Students are required to attend school regularly, and the district is required to notify parents of any student absence unless the parent has already contacted the school to report the absence. The district will send a written notice to parents if their minor student appears to be in danger of exceeding the maximum allowable number of absences and will notify the district attorney and the parent if a child may be considered truant. Parents may contact the child’s principal for additional information regarding student absences.
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Parents have the right to review the district’s courses of study and textbooks. Arrangements for this review can be made through the building principal.
Students may be excused from school for religious purposes provided the parent contacts the building principal to request such an absence.
Parents have the right to review all district policies, including parental involvement policies. Copies of these policies are available through the superintendent’s office.
Parents have the right to participate in parent-teacher organizations. Information regarding these groups will be made available during activities such as enrollment, schedule pickups and back to school night. Parents who wish to have additional information regarding these groups can obtain more detail through the principal’s office.
Parents may opt out of selected district level data collection related to state longitudinal student data system reporting. Parents may not opt out of necessary and essential record collecting. Parents may file an opt out request through the superintendent’s office.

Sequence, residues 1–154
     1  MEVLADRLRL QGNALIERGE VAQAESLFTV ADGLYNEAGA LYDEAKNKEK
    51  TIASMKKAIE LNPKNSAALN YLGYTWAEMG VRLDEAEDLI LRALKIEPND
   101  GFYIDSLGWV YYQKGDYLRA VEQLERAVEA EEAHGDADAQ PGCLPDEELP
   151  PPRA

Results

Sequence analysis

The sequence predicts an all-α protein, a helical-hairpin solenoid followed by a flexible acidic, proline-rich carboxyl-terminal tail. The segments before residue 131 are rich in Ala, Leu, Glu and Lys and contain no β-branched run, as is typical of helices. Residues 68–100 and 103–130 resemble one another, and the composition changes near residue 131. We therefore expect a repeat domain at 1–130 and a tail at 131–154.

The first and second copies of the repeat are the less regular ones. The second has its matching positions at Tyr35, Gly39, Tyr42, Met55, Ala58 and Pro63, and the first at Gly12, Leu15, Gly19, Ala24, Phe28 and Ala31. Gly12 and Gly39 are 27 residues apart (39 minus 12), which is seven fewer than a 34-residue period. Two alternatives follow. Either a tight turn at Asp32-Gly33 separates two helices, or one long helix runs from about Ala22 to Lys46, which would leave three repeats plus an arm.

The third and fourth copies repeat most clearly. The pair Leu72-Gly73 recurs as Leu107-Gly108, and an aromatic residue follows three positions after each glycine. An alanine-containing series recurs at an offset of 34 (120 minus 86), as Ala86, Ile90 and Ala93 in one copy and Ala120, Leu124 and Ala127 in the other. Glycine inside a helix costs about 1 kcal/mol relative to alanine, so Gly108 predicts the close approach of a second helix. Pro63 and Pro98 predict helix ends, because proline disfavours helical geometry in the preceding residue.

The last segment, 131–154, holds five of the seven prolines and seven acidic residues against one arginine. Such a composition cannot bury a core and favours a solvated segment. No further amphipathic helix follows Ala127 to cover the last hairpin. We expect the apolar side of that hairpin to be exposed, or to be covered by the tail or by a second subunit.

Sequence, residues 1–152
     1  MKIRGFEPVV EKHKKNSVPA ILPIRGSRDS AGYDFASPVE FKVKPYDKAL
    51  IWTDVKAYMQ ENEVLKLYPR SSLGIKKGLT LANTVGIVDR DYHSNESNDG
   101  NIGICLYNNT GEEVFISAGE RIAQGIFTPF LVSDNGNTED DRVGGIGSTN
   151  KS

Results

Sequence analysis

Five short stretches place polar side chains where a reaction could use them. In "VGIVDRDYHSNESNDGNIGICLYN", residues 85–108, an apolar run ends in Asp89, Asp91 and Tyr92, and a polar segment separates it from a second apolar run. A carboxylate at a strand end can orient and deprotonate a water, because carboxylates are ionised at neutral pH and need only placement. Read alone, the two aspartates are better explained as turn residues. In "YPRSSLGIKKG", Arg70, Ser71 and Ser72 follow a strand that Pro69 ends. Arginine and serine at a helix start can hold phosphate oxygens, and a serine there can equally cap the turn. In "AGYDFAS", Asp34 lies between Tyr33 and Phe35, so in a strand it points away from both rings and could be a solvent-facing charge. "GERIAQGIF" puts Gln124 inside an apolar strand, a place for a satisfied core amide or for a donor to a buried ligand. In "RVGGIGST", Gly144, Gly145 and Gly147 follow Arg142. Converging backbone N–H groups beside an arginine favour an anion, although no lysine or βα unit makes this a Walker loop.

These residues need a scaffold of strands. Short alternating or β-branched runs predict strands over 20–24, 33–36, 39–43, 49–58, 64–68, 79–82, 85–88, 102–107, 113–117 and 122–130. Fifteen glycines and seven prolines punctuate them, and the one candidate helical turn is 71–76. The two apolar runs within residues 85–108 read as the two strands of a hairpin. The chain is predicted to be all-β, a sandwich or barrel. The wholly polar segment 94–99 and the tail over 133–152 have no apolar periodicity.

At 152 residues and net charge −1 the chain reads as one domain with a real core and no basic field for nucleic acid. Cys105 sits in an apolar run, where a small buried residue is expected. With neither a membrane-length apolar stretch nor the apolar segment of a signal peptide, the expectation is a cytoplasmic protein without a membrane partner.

The district will not procure, solicit to perform, arrange for the performance of, perform surgical procedures or perform a physical examination upon a minor student or prescribe any prescription drugs to a minor student without first obtaining a written consent for the proposed assessment or treatment. The written consent will be effective for the school year for which it was granted, and must be renewed each subsequent school year. If the assessment or treatment for which the written consent is provided is performed through telemedicine at a school site, and if the written consent is provided by the Parent and is currently effective, the health professional shall not be required to verify that the parent is at the school site.
The district will not procure, solicit to perform, arrange of the performance of or perform an assessment for mental health therapy on a minor student without first obtaining consent of a parent or legal guardian of the minor. The written consent will be effective for the school year for which it was granted, and must be renewed each subsequent school year. If the assessment or treatment for which the written consent is provided is performed through telemedicine at a school site, and if the written consent is provided by the Parent and is currently effective, the health professional shall not be required to verify that the parent is at the school site. However, a student shall not be seen without consent.